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Diplomacy in Action

U.S. Relations With Republic of the Congo


Bureau of African Affairs
Fact Sheet
March 28, 2013

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More information about Republic of the Congo is available on the Republic of the Congo page and from other Department of State publications and other sources listed at the end of this fact sheet.

 

U.S.-REPUBLIC OF THE CONGO RELATIONS

The United States established diplomatic relations with Republic of the Congo in 1960, following the country's independence from France. Diplomatic relations were suspended in 1965, then resumed in 1977. In 1992, Republic of the Congo completed a transition to multiparty democracy; the country saw several years of civil conflict during 1997-2003.

U.S.-Republic of the Congo relations are positive and cooperative. The two countries have worked together on issues such as strengthening regional security, improving the health of Congolese citizens, and safeguarding the environment. The United States has supported Congolese democratization efforts, contributing aid to the country's electoral process and working alongside Congolese civil society and private sector leaders as well as government officials to improve human rights and help build a more stable, secure, democratic, and prosperous Congo.

U.S. Assistance to Republic of the Congo

U.S. foreign assistance to Republic of the Congo is focused on maintaining peace and security, professionalizing the armed forces, and helping prepare those forces to participate in regional peacekeeping missions. Increasing the country’s capability in the area of maritime security (including port management) and training are vital to supporting its ability to prevent conflict and preserve the security it has developed.

Bilateral Economic Relations

Republic of the Congo's economy is based primarily on its petroleum sector, and U.S. companies play a role in the petroleum production and services sectors. The country's top export to the United States is oil, while imports from the United States include machinery, poultry, optic and medical instruments, and vehicles. Republic of the Congo is eligible for preferential trade benefits under the African Growth and Opportunity Act. The deep water port in the economic capital of Pointe-Noire is International Ship and Port Facility Security-certified, making it eligible to receive and send shipments directly with the United States. The Republic of the Congo is a member of the Economic and Monetary Community of Central Africa (CEMAC). Upon gaining independence in 1960, the Republic of the Congo maintained an existing bilateral investment treaty with the United States designed to facilitate and protect foreign investment.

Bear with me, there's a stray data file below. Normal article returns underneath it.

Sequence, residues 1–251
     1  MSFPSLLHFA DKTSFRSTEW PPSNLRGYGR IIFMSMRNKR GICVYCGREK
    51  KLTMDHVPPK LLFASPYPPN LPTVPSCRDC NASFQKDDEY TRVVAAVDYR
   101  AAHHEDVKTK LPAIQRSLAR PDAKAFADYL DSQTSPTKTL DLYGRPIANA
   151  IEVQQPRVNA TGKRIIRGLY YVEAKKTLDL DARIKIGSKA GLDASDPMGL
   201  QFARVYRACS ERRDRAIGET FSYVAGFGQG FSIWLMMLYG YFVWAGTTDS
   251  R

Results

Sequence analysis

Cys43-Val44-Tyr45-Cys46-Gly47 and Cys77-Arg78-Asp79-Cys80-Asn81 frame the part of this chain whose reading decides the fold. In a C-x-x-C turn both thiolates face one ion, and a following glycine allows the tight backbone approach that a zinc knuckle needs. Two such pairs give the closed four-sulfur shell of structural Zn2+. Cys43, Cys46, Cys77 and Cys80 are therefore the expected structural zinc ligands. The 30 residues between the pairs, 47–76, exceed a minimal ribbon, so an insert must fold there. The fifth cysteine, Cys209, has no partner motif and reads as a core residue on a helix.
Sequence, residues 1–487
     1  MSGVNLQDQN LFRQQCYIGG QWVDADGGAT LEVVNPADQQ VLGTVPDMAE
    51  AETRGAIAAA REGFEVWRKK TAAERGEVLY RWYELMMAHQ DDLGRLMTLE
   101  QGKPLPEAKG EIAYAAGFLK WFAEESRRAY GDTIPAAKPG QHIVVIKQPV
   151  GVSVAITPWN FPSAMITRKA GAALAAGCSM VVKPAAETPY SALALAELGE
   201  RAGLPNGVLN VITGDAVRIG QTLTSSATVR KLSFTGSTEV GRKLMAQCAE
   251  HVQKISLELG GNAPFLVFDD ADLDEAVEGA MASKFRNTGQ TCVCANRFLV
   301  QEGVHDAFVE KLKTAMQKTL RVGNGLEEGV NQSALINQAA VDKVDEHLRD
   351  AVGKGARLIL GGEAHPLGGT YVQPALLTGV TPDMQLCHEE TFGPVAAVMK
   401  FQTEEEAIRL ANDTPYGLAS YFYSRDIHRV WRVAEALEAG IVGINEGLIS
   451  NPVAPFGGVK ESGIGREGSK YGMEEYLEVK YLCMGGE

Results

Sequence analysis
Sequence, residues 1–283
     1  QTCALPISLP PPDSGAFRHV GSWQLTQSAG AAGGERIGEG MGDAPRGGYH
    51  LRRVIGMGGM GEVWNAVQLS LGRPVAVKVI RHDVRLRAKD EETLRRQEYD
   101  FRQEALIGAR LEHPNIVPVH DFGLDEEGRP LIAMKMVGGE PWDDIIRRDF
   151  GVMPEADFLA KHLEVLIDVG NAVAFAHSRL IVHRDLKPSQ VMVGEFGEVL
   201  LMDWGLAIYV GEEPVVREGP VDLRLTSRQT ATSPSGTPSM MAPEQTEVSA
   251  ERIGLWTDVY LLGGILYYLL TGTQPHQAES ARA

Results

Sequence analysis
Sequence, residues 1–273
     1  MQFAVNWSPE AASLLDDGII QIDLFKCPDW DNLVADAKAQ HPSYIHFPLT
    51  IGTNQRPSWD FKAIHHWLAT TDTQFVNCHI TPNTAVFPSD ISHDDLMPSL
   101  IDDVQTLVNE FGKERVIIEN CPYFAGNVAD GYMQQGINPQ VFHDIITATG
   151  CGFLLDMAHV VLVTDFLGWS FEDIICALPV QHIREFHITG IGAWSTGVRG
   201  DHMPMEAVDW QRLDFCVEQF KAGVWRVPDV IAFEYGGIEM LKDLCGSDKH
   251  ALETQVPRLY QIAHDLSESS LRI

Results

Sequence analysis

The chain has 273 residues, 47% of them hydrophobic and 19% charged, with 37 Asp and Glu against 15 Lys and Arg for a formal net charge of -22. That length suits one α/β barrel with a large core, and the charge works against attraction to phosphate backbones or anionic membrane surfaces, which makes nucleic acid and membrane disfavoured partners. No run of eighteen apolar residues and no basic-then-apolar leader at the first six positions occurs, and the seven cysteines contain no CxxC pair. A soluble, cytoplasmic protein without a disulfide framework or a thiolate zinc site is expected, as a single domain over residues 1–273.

Republic of the Congo's Membership in International Organizations

Republic of the Congo and the United States belong to a number of the same international organizations, including the United Nations, International Monetary Fund, World Bank, and World Trade Organization.

Bilateral Representation

The U.S. Ambassador to Republic of the Congo is Christopher W. Murray; other principal embassy officials are listed in the Department's Key Officers List.

Republic of the Congo maintains an embassy in the United States at 1720 16th St., NW, Washington, DC, 20009 (tel: 202-726-5500, 202-986-5740, 202-986-8751) (website: http://www.ambacongo-us.org/).

More information about Republic of the Congo is available from the Department of State and other sources, some of which are listed here:

Department of State Republic of the Congo Page
Department of State Key Officers List
CIA World Factbook Republic of the Congo Page
U.S. Embassy: Republic of the Congo
USAID Mission Country Page
History of U.S. Relations With Republic of the Congo
Human Rights Reports
International Religious Freedom Reports
Trafficking in Persons Reports
Narcotics Control Reports
Investment Climate Statements
Office of the U.S. Trade Representative Countries Page
U.S. Census Bureau Foreign Trade Statistics
Library of Congress Country Studies
Travel and Business Information



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